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The science of rejection.

Updated: Mar 9, 2022

Rejection hurts.

Interestingly, there is science behind the pain of rejection. Studies incorporating Magnetic Resonance Imaging (fMRI) have found that the same area of the brain that is activated when we experience physical pain is activated when we experience rejection. Explains a lot!

When we are rejected, be it the rejection of a love interest, partner, friend or potential job opportunity, it stings. And no-one is immune. Rejection is an inevitable part of living. When we reach for something and our wanting isn't reciprocated, it will naturally feel unsettling, if not demoralizing. Our emotions might range from disappointment to anger, shame, confusion and sadness.

And whilst it hurts, this is all very understandable because rejection destabilises our most basic of needs - the need for belonging. It can be said that the pain of rejection is in fact an evolutionary phenomenon, alerting us (in the days of hunting and gathering) to the danger of being ostracised by the tribe, a threat to our survival.

Rejection is a question of mismatch. An incompatibility or a misalignment of needs and wants - that is all.

The experience of rejection is also hard to forget. It can be re-lived (thanks to our memory stores), particularly where there has been reinforcement or where a pattern has formed that has given the rejection some form of meaning. In other words, we internalise the rejection and attach it to a story about ourselves or to a long-held or disempowering belief.

In the modern day, rejection can result in a significant blow to the ego and to our sense of self-esteem. We might interpret rejection as a question of worth - is this happening because I am lacking, at fault or inadequate in some way? But of course, rejection has no bearing on self-worth, even though it might feel that way.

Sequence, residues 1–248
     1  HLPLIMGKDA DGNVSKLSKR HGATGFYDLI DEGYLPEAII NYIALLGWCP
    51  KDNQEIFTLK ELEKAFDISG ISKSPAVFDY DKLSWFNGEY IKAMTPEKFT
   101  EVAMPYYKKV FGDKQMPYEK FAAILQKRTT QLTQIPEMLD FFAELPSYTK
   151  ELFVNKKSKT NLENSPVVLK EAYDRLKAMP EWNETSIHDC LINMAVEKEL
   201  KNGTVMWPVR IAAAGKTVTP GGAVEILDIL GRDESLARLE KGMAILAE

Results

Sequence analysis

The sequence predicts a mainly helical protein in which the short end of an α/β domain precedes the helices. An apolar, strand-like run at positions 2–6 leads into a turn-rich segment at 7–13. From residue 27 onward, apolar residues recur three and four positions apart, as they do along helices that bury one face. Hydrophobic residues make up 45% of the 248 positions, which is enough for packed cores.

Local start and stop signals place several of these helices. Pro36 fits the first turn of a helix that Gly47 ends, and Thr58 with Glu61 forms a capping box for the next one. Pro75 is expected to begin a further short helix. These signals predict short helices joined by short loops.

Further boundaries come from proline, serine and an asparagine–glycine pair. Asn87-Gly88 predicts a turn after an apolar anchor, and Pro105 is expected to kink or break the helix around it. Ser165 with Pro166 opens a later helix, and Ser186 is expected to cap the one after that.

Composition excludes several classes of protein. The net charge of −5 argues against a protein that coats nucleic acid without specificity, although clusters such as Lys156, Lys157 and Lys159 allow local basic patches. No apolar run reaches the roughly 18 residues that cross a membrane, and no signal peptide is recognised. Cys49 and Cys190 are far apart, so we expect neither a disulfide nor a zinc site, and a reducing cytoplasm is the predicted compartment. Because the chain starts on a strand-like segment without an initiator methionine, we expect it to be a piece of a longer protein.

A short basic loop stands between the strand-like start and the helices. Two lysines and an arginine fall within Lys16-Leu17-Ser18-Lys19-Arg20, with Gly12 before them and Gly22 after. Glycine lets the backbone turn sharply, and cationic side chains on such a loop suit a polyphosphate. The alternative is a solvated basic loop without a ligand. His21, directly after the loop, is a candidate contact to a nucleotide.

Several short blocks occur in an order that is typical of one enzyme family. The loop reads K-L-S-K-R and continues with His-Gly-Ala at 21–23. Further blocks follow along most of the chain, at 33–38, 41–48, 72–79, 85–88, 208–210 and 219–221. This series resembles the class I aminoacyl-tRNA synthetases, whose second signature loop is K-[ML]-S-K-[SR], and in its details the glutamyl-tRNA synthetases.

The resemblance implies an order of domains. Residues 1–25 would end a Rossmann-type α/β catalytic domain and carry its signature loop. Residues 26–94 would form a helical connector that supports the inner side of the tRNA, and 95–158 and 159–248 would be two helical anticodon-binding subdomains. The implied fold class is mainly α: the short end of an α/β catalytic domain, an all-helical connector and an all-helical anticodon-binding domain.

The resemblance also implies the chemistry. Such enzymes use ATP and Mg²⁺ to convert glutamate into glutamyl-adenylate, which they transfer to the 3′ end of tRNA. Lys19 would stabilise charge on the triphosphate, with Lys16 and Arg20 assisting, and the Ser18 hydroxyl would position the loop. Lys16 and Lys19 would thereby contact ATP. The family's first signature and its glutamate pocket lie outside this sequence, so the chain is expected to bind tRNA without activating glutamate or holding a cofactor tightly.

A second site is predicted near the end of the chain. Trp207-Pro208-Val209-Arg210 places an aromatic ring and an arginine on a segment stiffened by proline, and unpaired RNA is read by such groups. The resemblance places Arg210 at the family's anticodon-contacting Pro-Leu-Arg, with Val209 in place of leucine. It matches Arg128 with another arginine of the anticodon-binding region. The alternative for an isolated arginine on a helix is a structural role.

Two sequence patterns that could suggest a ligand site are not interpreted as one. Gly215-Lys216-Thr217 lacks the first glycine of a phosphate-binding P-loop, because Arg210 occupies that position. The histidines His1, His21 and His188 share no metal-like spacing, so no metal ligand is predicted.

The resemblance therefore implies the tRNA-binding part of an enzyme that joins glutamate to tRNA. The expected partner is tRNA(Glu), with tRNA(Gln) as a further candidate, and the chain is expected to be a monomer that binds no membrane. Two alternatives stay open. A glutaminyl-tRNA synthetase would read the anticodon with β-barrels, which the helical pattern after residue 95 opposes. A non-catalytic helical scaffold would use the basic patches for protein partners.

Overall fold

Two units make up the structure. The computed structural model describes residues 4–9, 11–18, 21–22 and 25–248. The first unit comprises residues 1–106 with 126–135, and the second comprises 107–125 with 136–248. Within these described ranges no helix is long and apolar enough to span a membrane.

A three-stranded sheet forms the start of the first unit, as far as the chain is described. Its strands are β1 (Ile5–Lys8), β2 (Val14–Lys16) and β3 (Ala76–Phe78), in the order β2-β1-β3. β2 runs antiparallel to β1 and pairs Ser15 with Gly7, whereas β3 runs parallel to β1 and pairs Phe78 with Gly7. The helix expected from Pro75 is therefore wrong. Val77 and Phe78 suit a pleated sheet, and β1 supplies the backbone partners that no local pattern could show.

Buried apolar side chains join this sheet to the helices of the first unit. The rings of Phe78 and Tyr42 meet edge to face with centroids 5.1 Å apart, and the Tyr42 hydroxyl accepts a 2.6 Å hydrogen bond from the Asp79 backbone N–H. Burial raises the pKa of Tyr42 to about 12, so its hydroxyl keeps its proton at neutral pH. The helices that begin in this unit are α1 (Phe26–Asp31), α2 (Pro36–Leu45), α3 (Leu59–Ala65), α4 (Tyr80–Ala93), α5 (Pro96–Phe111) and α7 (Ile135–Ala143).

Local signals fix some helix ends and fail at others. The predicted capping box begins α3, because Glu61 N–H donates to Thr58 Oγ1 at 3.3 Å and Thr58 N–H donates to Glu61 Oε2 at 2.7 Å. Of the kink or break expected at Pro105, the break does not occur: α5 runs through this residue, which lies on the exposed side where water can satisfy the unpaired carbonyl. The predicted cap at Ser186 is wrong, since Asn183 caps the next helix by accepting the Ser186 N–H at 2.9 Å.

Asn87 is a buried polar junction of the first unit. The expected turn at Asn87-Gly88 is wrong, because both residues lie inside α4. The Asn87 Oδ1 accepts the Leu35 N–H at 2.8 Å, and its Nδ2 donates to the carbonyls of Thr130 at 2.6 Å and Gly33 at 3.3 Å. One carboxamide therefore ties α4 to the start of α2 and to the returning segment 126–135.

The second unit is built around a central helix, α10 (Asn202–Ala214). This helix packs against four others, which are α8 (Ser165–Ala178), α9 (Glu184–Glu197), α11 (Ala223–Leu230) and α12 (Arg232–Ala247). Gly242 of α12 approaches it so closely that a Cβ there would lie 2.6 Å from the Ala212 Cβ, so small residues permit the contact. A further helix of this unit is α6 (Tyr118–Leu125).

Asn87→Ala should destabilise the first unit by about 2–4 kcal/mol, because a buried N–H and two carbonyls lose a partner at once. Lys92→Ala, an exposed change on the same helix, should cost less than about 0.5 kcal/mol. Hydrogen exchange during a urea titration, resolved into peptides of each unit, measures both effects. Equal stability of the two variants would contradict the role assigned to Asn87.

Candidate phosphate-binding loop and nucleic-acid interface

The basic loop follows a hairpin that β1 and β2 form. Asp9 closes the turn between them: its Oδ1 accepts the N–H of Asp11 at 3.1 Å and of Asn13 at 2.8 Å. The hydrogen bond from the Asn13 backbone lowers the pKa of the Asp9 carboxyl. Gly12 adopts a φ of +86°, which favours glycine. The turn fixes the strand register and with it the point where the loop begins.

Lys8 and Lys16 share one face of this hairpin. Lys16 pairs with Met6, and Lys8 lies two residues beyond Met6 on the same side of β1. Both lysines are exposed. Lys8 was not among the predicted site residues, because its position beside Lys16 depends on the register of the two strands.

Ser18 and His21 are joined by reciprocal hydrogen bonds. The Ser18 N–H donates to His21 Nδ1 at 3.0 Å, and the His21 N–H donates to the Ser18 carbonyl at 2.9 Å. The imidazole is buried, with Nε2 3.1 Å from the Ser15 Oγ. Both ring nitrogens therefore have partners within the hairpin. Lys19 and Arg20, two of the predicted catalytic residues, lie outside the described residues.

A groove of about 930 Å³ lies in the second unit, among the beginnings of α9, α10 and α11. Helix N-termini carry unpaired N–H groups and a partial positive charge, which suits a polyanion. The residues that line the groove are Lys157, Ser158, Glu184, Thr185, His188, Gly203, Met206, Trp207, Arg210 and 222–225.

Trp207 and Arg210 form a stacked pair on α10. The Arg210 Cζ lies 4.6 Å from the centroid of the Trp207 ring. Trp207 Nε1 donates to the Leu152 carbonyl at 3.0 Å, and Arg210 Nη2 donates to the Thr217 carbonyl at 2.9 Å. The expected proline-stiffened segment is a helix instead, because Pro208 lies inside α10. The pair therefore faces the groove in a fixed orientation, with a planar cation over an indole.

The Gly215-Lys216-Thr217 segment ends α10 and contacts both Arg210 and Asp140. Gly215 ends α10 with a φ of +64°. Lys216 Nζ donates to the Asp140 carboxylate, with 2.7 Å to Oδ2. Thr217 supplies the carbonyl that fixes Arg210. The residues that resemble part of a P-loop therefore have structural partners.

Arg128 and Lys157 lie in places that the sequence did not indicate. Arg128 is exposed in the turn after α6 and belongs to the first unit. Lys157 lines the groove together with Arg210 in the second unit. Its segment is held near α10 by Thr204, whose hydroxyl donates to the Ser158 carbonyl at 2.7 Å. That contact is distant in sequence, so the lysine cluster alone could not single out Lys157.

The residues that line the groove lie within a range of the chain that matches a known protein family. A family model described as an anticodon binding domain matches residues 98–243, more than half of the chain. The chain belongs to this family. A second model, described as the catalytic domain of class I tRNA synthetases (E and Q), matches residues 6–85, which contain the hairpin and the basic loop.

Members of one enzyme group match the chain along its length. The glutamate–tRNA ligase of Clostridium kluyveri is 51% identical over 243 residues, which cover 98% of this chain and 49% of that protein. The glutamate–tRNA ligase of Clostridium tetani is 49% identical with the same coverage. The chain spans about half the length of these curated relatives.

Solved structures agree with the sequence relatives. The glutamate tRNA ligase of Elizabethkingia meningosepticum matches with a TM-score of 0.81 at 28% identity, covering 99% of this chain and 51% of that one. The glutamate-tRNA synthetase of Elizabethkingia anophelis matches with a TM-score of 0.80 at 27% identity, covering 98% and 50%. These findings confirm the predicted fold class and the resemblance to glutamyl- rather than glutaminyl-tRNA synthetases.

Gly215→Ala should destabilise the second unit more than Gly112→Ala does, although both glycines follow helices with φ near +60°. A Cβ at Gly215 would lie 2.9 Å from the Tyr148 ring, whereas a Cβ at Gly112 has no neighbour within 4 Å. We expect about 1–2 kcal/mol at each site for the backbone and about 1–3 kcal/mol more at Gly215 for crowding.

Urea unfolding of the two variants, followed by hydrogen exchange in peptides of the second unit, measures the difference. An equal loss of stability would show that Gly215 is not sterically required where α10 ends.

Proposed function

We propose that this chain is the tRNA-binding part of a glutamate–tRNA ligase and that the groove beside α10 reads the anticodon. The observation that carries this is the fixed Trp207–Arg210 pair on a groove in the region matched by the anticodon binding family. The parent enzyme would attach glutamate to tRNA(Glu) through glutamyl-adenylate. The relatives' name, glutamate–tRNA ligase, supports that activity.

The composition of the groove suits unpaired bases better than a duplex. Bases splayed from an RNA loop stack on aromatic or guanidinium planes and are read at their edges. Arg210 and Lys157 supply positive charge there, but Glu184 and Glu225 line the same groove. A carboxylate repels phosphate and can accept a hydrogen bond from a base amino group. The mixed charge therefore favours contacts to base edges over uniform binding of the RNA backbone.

Whilst it can be difficult to rationalise feelings in the midst of chaos (emotion overrides logic where rejection is concerned), it is important to recognise that rejection isn't personal but more a question of mismatch. Rejection is an incompatibility or a misalignment of needs and wants - that is all.

How to navigate rejection.

Feel it to heal it.

Start by acknowledging the pain of rejection. It doesn't matter how old or young you are, the emotions associated with rejection are real and can be incredibly challenging. Allow yourself to feel through them. Also allow yourself time to process your feelings. Be patient and gentle with you.

Re-frame and affirm.

Once you've had time to process your feelings, decide how you would like to reframe the experience of rejection in a more neutral way e.g., it's not personal, it's also inevitable. Focus on affirming your positive qualities. Remind yourself what you bring to the table.

Connect with people who value you.

Place your time and energy with people who accept and value you. It can be tempting to isolate yourself during times of rejection but connecting with others can help to reignite your wider connection to the world and to re-boot your sense of belonging.

Align with your higher self.

Take time to go within. When we are operating from a cognitive based state, negative thinking can significantly distort the picture. Take a walk in nature, meditate, jump in the ocean, light a candle or practise some deep breathing. When we take time to connect in with ourselves, we are reminded of our truth and from here we are more likely to see the bigger picture.

Consider taking a different approach.

If rejection is a signal of misalignment, perhaps it's worth considering whether something in your life and / or your approach requires some tweaking. Whilst you didn't do anything to welcome the rejection, is it alerting you to a re-route? To obtain a different outcome, would you benefit from doing something differently? Is there an old habit or a pattern that requires examining? It's worth considering.

Try and try again.

To protect yourself from future rejection, you might feel pulled to withdraw from certain scenarios - to stop putting yourself 'out there' and for good reason. Give yourself time where needed but when you're ready, don't give up. The longer we avoid something, the scarier it becomes. Shake the dust from your feet and decide to bounce back. Next! It's the only way forward. And how else are you going to receive all of the wonderful people and opportunities that do want what you have to offer.




The Honour Project.

Disclaimer: the above is informative in nature. The information is not complete or definitive for individual cases, and is not intended as professional intervention. The information in this article does not replace the one to one advice of a registered health practitioner.

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